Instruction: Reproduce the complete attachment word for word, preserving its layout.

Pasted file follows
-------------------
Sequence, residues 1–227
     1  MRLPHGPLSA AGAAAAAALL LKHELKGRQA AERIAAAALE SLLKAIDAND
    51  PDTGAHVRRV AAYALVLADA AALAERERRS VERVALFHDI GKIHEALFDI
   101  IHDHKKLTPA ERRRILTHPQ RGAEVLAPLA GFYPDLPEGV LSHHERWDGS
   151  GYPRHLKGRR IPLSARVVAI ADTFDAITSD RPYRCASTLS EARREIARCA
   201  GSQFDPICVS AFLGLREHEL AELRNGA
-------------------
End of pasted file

Sequence, residues 1–227
     1  MRLPHGPLSA AGAAAAAALL LKHELKGRQA AERIAAAALE SLLKAIDAND
    51  PDTGAHVRRV AAYALVLADA AALAERERRS VERVALFHDI GKIHEALFDI
   101  IHDHKKLTPA ERRRILTHPQ RGAEVLAPLA GFYPDLPEGV LSHHERWDGS
   151  GYPRHLKGRR IPLSARVVAI ADTFDAITSD RPYRCASTLS EARREIARCA
   201  GSQFDPICVS AFLGLREHEL AELRNGA